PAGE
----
Funded! Atlanta Film Festival raises nearly $18,000 in #Artists2ATL campaign

Atlanta Film Festival director Christopher Escobar interviews Ray McKinnon and the cast of “Rectify” at the 2013 festival. The month-long campaign to raise $13,000 to bring more filmmakers to Atlanta for the 2014 Atlanta Film Festival has ended with great success. Passing the $13,000 goal on day 22, the festival secured the funds needed to more than triple its filmmaker travel budget. Kickstarter campaigns only work if you raise at least 100% of your set goal. After 360 backers contributed a total of $17,909, the festival will now be able to use that money to pay for the filmmakers behind its 2014 lineup to attend the festival, enriching the experience for everyone involved. The festival issued this statement on the campaign page: Our profound thanks to the more than 300 backers who helped us raise meet and exceed our goal.  Thanks to you, we’ll be able to bring more filmmakers to the festival in the Spring of 2014 to share the experience with you.   If you missed the funding deadline

Adam Sandler and Drew Barrymore reunite in Georgia-filmed "Blended" trailer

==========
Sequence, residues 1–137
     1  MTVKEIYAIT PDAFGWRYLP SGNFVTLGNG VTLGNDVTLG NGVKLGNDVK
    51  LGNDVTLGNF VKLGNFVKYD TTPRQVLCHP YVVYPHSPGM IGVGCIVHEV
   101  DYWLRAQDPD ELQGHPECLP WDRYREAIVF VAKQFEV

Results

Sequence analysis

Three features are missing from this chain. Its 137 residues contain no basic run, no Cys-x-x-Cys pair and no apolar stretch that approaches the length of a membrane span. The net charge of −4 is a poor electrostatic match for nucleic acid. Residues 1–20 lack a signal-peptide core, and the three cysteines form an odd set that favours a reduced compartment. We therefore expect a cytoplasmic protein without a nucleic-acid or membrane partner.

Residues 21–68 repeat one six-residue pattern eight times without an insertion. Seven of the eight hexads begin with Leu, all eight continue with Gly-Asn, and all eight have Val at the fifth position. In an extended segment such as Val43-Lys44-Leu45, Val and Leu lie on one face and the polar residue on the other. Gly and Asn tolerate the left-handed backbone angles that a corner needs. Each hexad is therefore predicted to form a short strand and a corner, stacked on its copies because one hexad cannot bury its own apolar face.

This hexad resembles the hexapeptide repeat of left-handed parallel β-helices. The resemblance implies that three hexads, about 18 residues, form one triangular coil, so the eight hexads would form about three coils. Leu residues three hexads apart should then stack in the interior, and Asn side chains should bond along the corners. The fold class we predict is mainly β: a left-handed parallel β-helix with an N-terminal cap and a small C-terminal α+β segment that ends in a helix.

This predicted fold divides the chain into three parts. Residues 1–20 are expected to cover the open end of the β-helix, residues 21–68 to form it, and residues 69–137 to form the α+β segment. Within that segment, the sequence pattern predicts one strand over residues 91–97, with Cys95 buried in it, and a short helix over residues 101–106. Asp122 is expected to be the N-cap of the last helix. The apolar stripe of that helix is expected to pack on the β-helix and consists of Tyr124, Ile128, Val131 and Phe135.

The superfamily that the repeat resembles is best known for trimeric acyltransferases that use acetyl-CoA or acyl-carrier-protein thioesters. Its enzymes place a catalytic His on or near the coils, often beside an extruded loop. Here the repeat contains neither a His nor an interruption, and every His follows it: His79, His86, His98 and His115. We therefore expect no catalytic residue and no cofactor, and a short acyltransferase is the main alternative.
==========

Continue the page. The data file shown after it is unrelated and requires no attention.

Drew Barrymore and Adam Sandler spent much of last summer filming “Blended” near Lake Lanier. It was probably hard to keep track of all the high-profile productions filming throughout Metro Atlanta this past summer. “Anchorman: The Legend Continues” is released this week, but many Georgia-lensed films that were in production earlier this year won’t hit cinemas until later into 2014. “The Good Lie,” “Kill the Messenger,” “Merry Friggin’ Christmas,” Million Dollar Arm” and “Solace” are just a few of the films that will showcase Georgia at the multiplex next year. Two films in particular, “Blended” and “Endless Love,” make use of Georgia’s largest lake, Lake Lanier. Using rented houses, the Lake Lanier Islands Resort, the Mall of Georgia and other spots around Buford and Flowery Branch, “Blended” reunites frequent co-stars Adam Sandler and Drew Barrymore as a man and woman who—after a failed first date—wind up on a shared family vacation in Africa. The film also shot in South Africa, but